Building data-driven web apps with Flask and SQLAlchemy Transcripts
Chapter: Welcome to the course
Lecture: Course topics
0:00 Let's quickly lay out the topics
0:01 that we're going to cover and add
0:03 just a little bit of background to each one of them.
0:05 So after this chapter, we're going to quickly talk
0:08 about how to set up your machine,
0:09 make sure you have the right version of Python,
0:12 the right editor and also all the starter source code
0:16 or data that you might need to get going.
0:19 Then we're going to talk about the Flask web framework itself
0:22 compared to some of the other frameworks
0:24 like Django, Pyramid, Bottle and so on,
0:27 where does it fit in that world
0:28 and what are some of the core elements
0:30 or building blocks of it.
0:32 We're going to go and create our first Flask site.
0:36 Now, we're going to build a pretty involved
0:39 and very cool app as we get through this course.
0:42 But let's not start there, let's just create
0:44 the hello world equivalent of a Flask site
0:46 and see what all the moving parts are,
0:48 and then build out something more interesting.
0:52 We're going to focus on some of the techniques
0:55 and language features of Jinja templates.
0:59 The idea with Flask is we're going to code
1:01 maybe to a database or a service or something like that,
1:03 pull back some data and we want to render that to HTML.
1:06 But you don't do that all on Python.
1:08 Most of the HTML is fixed.
1:10 You maybe just want to take a list
1:11 and repeat little elements of it as HTML fragments
1:14 or conditionally show or hide things
1:16 like if you're logged in or not logged in.
1:18 So we're going to talk about the Jinja template language
1:21 and how that fits in the Flask.
1:24 One of the first things that happen
1:26 in these MVC, Model-View-Controller frameworks like Flask
1:30 is that a URL request will come in
1:32 both the verb and the URL is going to come in
1:35 and it's up to this thing called routing
1:38 to figure out what function is going to handle that request,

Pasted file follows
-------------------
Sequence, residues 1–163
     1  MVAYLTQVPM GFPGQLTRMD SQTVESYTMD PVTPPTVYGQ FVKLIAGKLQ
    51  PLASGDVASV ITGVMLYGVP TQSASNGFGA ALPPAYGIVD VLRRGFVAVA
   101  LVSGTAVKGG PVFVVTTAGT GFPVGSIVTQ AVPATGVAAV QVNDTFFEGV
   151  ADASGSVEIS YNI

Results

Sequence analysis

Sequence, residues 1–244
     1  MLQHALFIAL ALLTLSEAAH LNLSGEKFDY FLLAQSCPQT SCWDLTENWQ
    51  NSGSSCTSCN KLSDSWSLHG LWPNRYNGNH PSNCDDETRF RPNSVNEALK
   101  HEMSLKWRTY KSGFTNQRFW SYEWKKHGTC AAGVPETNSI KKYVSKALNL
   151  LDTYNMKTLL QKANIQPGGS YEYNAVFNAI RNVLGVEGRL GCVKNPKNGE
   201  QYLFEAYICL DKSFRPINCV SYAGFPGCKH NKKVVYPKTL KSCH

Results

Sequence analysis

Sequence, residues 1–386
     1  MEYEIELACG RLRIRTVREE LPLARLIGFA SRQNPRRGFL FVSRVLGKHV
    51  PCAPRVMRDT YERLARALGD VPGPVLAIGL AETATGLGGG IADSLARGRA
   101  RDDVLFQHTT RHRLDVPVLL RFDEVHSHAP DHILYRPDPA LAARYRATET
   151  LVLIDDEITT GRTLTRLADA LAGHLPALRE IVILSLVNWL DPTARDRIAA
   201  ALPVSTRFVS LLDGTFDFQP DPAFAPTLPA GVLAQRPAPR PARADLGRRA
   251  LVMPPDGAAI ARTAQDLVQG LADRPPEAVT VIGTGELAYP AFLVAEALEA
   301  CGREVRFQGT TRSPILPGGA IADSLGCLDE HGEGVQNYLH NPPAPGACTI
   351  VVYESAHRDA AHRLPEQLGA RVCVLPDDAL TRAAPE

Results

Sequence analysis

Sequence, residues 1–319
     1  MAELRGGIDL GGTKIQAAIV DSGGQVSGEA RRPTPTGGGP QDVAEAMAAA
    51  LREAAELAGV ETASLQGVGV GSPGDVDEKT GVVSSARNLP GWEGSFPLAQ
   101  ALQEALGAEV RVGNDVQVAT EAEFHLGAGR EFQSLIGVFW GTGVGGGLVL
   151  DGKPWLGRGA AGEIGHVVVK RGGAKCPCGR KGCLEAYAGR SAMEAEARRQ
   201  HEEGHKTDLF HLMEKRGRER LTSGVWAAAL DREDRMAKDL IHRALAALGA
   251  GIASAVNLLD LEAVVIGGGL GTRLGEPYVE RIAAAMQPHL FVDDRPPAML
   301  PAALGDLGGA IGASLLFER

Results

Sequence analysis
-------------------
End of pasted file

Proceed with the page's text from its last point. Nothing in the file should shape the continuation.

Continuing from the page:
1:42 what Python function.
1:43 So we're going to figure out how to use routing
1:45 to map URLs to our view methods.
1:47 Flask doesn't do anything for making our site look good,
1:51 it just delivers whatever HTML we write.
1:54 So we don't want to have to write all of it.
1:55 We're going to talk about some of the cool
1:57 frontend frameworks,
1:59 Bootstrap as well as a couple of others
2:01 that we could use to make our site look better.
2:04 And we will use some Bootstrap to make out site look good.
2:08 Almost all the interesting web applications
2:10 talk to some kind of data backend,
2:12 and we're going to talk to our relational database.
2:15 So we're going to focus on using SQLAlchemy
2:17 and its ORM to map Python classes to the database.
2:22 So we're going to see how to define those classes,
2:24 how to set up the connections,
2:26 and really do all the queries and inserts and updates,
2:29 everything you need to do to work with SQLAlchemy.
2:31 SQLAlchemy is great for creating
2:34 the initial database structure.
2:35 I have a packages and class, and I talk to SQLAlchemy
2:39 and then create packages table in database.
2:42 But it will not migrate it, it will not change it over time,
2:44 and if those things become out of sync,
2:46 your database class and your database schema,
2:50 and the app will crash and freak out
2:52 and say whoa, whoa, I can't work with this,
2:53 this database is incompatible with my understanding
2:56 of what it should be.
2:57 So in order to evolve our database,
3:00 our database schema,